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THE SOLDIER'S BURIAL.
Where shall' we lay our comrade down ?
Where chatt the brave one sleep!
The battle's past, the victory won,
Now we have'time to weep !
Bury him on the toupptain's brow, ,
When he fought so well;
Bury him, where the laurels grow—
There ha bravely fell!
There lay him in his generous blood,
For there first comes the
When mornings earliest breaks the cloud,
And lingers last at night!
When though, no flow'ret there may bloom
To event the chilly air, . • '
The sky shall stoop to wraihis tomb,
The stars will watch him there.
What though no stone may mark his grave,
Yet fame shall tell his race .
Where sleeps the one so kind, so brave, '
And God will find the plaeq
Bury him on the mountain's brow,
Where he fought so 'well;
Bury him where the laurels grow
There he bravely fell!
2 Goob Zion),
"""","•••"•••• '''''' drtQ••:•••Itt , ••• ..... •
THE PATALi STEP.
BY MARY E. LEE.
" Or all:thtead,words.of tongue and ,pen,
The saddest are `these—it might have been."
In the valler.or Mohawk, about forty miles
from la(' souree, , stands a large old-fashioned
house whose weather-sparred walls seem long
to have ,withetood • the actions of theelements.
A.,date graven on a corner stone of the under
pinning points far •beak to the commencement
of the revolution as theera of-its origin, which
statettient the 'antique style of the superatrue.
Lure fully corroborates. At the foot of an ex
tensive lawn in front flows the quiet river whose
peaceful waters have long since ceased to mirror
the plumes, and ,tomahawks of the warlike
tribe whose name it bears. • Far to the south,
looming 'up in- cloud grandeur, rise
the terminating peaks of the Catskill `range,
while CO either kand extends a luinriant7piain
studded k with
,neat firm houses "
herds of cattle, alt.,hespeaking , quietude and
comfort. - Thus beautiful byinature, and no less
'by art and affection, were rendered the scenes
of WalteF Leland'iboyhoOd days. ,
The pride , of the , home circle and the delight
of his companions, Walter never •lacked the
=tender assidutios of one, nor the cordial, heart
felt greetings of the other. If a skating or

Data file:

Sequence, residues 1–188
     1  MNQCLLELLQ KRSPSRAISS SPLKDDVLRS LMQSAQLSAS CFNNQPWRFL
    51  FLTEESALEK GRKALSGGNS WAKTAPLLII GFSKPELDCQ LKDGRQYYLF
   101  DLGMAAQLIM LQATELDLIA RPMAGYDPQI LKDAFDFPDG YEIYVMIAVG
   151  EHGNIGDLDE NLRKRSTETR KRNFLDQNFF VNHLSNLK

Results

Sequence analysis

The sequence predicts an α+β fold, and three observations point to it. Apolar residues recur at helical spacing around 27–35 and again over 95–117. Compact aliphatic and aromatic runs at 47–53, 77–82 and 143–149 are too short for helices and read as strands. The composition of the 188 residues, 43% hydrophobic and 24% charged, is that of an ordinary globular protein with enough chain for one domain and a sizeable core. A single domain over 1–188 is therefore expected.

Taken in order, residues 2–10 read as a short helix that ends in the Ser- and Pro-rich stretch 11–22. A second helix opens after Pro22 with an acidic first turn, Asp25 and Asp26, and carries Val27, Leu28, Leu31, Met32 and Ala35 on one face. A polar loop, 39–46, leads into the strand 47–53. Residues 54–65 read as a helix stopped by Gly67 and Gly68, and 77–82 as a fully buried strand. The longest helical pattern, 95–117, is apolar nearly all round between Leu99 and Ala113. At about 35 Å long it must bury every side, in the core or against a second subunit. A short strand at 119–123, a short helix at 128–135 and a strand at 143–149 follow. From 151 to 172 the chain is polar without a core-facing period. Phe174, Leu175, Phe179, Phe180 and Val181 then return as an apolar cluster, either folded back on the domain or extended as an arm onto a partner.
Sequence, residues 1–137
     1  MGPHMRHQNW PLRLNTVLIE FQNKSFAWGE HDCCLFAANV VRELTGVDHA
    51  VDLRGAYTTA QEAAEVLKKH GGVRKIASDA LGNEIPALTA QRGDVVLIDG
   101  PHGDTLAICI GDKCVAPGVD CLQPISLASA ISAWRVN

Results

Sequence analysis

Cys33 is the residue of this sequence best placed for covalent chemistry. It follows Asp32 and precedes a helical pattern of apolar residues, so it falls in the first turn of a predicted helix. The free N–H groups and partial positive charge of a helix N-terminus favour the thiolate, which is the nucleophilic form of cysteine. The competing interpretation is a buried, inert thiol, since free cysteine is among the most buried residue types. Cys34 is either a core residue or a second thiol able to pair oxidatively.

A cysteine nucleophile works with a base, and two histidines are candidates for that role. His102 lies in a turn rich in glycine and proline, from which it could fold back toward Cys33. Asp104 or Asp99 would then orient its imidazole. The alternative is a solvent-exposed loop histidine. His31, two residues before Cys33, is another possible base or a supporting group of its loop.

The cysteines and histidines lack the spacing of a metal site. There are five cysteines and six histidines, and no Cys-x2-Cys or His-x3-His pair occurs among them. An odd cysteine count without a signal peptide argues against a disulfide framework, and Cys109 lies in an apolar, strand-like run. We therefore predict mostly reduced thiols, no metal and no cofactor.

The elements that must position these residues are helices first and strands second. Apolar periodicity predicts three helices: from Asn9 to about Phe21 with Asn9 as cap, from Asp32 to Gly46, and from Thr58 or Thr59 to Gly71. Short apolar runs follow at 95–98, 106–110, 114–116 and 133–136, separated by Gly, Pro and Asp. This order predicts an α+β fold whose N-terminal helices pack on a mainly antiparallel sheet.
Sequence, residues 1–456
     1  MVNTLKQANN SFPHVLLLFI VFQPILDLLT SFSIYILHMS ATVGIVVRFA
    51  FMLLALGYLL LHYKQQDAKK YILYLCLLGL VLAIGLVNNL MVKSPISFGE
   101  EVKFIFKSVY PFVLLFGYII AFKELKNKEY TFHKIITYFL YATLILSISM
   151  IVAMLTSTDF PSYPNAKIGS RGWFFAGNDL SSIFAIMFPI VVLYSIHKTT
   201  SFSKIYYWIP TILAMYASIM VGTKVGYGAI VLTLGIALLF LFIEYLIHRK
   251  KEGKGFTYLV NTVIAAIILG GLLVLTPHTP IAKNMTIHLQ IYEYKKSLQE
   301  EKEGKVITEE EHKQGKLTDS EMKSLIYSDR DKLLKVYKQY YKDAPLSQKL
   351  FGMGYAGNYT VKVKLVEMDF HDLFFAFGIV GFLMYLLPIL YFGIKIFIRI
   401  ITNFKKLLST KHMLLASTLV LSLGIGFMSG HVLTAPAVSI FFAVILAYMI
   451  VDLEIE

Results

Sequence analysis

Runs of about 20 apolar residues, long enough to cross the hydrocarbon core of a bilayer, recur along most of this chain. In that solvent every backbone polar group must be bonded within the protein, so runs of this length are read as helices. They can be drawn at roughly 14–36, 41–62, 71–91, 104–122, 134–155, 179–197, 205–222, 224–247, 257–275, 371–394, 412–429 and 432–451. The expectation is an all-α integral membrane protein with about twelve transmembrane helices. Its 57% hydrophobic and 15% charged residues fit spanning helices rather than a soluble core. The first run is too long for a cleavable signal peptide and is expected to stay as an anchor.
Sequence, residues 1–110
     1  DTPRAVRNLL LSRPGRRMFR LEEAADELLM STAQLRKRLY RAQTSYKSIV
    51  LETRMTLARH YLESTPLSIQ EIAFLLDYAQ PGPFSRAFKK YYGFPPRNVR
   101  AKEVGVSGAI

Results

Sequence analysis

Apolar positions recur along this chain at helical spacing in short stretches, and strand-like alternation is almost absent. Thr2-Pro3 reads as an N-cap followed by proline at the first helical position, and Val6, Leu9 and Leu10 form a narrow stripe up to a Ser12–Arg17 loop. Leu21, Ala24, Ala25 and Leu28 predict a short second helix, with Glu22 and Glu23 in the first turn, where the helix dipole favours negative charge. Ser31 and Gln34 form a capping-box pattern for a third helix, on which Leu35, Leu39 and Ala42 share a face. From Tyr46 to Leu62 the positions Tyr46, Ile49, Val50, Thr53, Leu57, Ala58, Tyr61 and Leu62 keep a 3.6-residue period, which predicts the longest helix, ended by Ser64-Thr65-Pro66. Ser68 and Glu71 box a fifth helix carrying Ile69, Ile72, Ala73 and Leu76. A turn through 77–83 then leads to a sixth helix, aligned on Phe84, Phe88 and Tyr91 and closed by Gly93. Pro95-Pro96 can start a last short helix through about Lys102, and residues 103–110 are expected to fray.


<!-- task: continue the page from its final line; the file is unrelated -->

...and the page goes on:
coasting party was Eitel:fel:l7h must be at the
•head of it;—if a fishing party iproposed, no
one but Walter could take the lead; in fact,
he was the life of every circle, and a favorite
with ill who knew him. • •
If ,any one was in trouble and it was in , his
power,to. lend a helping hand, the opportunity
would never be allowed to pass unimproved,
although it might cost some self-denial on his
part; ever noblb hearted and generous almost
to a limit, it was not surprising that he was
beloved by every one.
And yet with many good qualifications there
was one great failing,—he was too easily influ
enced, often yielding to the wishes and opin
ions of others wl.en he should have had a mind
of his' own. Full well the temper knew his
vulnera . ble point, slid assailed him there in an
evil hour, when the promptings of his.better
nature were, no match for the legion hosts of
In the winter of his seventeenth, year a , ,
lect school was organized ut a village Omit,
half a mile distant. Walter had heretofore
enjoyed good common school privileges, and
his parents now thought best to avail them
selves of au opportunity to give him a more
advanced education. Accordingly he was en
rolled as one Of the pupils, and tieing a bright
scholar and food of study, soon won the appro.
bation and regard of his teacher.
At the commencement of the second week a
new scholar appeared by the - name of Robert
Mason, an !ti . te;ligent, fine looking boy of eigh
teen; he was, however, wild and impetuous,
and for the,past few years of his life had not
been accustomed to the best of his associates.
The temptations of the city, where he had al
ways resided until this time, had proved too
lunch for his powers of resistance, and when
but a mere boy he had learned, to love the wine
Robert and Walter were very soon acquaint
ances,• and from acquaintances became fast
friends. There was much attractive in both,
for in many points of character they were sim